Post-pandemic society should abolish borders

It was clear that COVID-19 would become a health crisis when anarchist thinkers from around the world were pleading for populations to follow centralized state authorities. The pandemic has proven that borders are crucial for reducing the global spread of disease. However, as we imagine our world re-made by the novel coronavirus, activist groups must continue to advocate for the abolition of borders and the violent dynamics these arbitrary lines precipitate.

Nationhood is an imagined idea as fictitious as any other constructed social system. Yet, every corner of the globe has been divided into parcels of land to be exploited, usually at the benefit of a small minority.

These imagined communities rarely embody shared values. Considering the population of most nations combined with geographic breadth, it would be foolish to assume everyone shares a belief system based on dotted lines on a map. What does it mean to be Canadian? Personally, I don’t have an answer. The truth is: borders have been constructed to serve the interests of power and power alone. It is a mechanism to guard wealth inequality.

Intuitively, this all makes sense. Individuals with large chunks of accumulated wealth move with relative ease, but those residing in nations that have been subject to traumas by no fault of their own remain forced to stay in their dire circumstances.

Scholars often refer to the contemporary world as “globalizing” — the notion that the world is becoming increasingly connected through transportation, technology and trade. But what pieces of our world are actually globalizing? It is true, time and space are shrinking with increasingly fast transportation. Even our social lives have been dislocated from space and our relationships are accessible through the tap of a button on our smartphones. Yet, the primary things moving around the world remain commodities and wealth. As a matter of fact, pre-COVID, people were being restricted from moving across borders at stricter rates than any time in history. Passports were once seen as largely symbolic tools before the onset of the Second World War. Now they are wielded by many with national pride.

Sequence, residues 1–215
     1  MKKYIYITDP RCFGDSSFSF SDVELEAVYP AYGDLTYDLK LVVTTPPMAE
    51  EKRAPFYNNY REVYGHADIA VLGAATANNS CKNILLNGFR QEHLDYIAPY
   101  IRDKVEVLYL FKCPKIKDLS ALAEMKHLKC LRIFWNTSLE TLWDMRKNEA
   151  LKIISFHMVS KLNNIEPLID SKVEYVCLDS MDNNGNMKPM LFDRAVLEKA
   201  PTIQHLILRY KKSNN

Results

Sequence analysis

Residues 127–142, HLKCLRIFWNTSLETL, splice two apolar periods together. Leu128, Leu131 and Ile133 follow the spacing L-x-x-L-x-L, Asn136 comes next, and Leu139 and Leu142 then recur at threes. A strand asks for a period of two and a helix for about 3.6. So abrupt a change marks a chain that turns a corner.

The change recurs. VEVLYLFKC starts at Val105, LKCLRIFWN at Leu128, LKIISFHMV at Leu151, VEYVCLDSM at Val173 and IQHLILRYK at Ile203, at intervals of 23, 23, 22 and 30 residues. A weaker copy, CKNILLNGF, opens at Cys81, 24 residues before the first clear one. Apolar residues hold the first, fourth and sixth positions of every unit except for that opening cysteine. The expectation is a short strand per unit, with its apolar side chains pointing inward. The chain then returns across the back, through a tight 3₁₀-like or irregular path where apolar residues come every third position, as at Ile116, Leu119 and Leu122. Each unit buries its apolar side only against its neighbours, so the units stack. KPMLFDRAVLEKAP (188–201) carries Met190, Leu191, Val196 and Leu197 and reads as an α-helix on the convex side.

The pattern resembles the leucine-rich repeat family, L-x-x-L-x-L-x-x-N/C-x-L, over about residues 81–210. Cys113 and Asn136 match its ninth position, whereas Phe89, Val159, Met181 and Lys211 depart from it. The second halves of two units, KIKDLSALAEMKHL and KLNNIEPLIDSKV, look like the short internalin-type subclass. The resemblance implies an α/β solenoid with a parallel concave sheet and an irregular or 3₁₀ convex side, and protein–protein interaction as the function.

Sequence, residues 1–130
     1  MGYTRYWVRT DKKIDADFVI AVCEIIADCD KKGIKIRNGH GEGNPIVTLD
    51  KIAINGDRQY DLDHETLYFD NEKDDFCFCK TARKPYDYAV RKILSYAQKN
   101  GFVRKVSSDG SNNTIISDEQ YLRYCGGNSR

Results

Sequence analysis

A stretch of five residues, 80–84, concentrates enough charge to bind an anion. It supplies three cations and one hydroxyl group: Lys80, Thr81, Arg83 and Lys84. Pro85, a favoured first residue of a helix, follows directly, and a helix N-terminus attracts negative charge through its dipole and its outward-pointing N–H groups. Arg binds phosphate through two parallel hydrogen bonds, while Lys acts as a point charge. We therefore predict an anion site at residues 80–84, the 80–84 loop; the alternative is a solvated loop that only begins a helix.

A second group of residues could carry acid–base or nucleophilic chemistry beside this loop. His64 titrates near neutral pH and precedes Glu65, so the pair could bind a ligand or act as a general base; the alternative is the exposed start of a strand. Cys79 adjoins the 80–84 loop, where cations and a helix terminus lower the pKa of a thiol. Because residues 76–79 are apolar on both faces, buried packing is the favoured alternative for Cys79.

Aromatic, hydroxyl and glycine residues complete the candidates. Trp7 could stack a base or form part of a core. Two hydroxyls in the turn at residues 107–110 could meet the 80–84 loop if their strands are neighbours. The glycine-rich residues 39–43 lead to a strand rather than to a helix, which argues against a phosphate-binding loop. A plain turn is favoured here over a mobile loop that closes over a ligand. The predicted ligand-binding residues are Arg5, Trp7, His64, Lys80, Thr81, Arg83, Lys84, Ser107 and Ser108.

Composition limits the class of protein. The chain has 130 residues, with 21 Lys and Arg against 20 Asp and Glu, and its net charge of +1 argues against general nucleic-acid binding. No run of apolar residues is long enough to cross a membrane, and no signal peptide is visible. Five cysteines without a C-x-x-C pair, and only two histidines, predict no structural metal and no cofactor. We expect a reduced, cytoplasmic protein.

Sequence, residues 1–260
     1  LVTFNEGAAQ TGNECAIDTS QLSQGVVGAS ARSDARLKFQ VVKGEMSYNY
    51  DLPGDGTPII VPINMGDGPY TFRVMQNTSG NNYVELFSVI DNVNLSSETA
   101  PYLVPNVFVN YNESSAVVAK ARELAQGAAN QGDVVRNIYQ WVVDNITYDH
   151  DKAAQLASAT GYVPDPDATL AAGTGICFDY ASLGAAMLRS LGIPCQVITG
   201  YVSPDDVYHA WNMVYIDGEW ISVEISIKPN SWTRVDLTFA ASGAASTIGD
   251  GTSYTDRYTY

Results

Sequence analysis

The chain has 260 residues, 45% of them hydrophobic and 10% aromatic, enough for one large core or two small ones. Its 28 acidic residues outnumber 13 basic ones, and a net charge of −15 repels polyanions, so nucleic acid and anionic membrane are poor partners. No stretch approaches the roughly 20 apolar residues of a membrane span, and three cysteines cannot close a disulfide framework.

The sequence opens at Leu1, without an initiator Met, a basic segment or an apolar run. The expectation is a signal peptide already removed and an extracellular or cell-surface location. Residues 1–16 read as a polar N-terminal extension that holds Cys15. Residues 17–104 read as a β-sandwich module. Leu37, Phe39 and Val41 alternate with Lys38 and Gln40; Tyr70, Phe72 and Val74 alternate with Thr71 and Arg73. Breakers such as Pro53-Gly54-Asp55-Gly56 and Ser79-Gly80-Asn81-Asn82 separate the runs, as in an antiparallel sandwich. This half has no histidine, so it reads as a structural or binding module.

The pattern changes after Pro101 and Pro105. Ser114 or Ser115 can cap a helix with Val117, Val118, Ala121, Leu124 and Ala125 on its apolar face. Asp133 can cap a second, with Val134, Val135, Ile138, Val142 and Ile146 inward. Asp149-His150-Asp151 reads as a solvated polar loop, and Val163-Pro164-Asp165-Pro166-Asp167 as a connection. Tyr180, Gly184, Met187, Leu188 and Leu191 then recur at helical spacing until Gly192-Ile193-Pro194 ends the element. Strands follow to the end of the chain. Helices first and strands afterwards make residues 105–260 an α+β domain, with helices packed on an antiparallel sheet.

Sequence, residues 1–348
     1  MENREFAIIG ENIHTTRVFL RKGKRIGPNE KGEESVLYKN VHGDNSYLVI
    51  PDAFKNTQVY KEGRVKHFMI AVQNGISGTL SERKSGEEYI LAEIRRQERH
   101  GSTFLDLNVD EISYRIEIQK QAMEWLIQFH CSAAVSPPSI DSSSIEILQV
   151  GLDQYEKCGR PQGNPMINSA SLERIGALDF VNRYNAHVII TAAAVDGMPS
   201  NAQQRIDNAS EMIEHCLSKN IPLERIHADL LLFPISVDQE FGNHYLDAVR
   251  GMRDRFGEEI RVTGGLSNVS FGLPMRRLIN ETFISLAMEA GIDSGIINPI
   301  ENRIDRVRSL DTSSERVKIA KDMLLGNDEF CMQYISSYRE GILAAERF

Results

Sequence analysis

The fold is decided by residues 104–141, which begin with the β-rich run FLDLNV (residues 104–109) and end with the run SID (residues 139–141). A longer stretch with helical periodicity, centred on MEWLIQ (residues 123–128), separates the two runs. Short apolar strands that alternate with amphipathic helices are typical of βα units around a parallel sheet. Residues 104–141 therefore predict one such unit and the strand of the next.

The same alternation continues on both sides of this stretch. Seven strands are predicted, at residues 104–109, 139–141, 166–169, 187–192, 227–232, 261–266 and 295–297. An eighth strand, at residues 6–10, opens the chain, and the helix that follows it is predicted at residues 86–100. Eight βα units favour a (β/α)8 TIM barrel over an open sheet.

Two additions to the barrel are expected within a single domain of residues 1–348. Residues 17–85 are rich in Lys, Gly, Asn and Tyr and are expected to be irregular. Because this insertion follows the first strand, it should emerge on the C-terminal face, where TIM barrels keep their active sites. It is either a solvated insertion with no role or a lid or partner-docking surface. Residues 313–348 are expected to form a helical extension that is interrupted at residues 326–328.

If we truly believed the things that we tell our children, it would be safe to assume most of us would be anarchists in favour of border abolition. If you’ve ever heard the phrases “It doesn’t matter who started it,” “Two wrongs don’t make a right,” “Do unto others…” or “Don’t be mean to people just because they’re different” growing up, then you were unwittingly raised with anarchist sentiments. But these important lessons usually get distorted by blatantly incorrect fallacies that feed anti-immigration and contradict the lessons we were taught when we still held onto a degree of innocence.

Fallacies pertaining to terrorism, crime rates, job availability and wage deflation are blatantly incorrect and are primarily fuelled by xenophobia.

For example, a study authored by Nicola Jones from the University of Warwick indicates that high migration rates do not correlate with terrorist activity. Rather, high migration rates may actually reduce terrorist acts. The Cato Institute — a conservative-libertarian think tank — controversially published a study in 2016 which took a great deal of statistics out of context and served as fuel for anti-immigration rhetoric in the U.S. It is unclear whether they attempted to publish damning immigration statistics or not, but in many cases some of the stats did the opposite. They asserted that from 1975 through 2015 the chance that an American would be killed in a terror attack by a refugee was roughly 1 in 3.64 billion a year. To put this into context, more people died from peanut allergies than refugee-initiated terror attacks in the same period.

And key studies have been published to debunk other anti-immigration fallacies, too.

When your average globalist is asked what they advocate for, it usually doesn’t include the abolition of borders and states. Renowned anarchist anthropologist David Graeber refutes really-existing-globalization as contradictory in practice. However, he imagines a globalized world as the free movement of people. “Anything else is just a sham,” he says in his seminal book Fragments of an Anarchist Anthropology.

The free movement of people could serve to guard from things like labour exploitation. Circles of economists sitting in their ivory towers love to philosophize about which pseudo-scientific economic model would best alleviate poverty the fastest. To Graeber, the answer is quite simple: the immediate pardon of international and personal debt, the abolition of intellectual property and, of course, the abolition of borders.

Many may question how feasible these measures are. I ask, why do we think the piece of paper we call money is worth anything more than it is? Simply, it is because somebody powerful told us it was. The exact definition of fiat money — the type of money the world uses — is currency that is delimited by bureaucrats. Still, it is fairly uncommon for people to question how strange this unwarranted faith is. Our taboos are selective, and they usually materialize in the conservation of grotesque privilege.

If we can put our faith in systems of power that regularly exploit labour in the interests of the ultra-rich and perpetrate violence in the name of sovereignty, who is to say we cannot put our faith in everyday people? The world is what we see it as, and it could be radically improved if we used our imagination and stopped questioning the feasibility of sound and equitable policy that appears different to the status quo people are used to.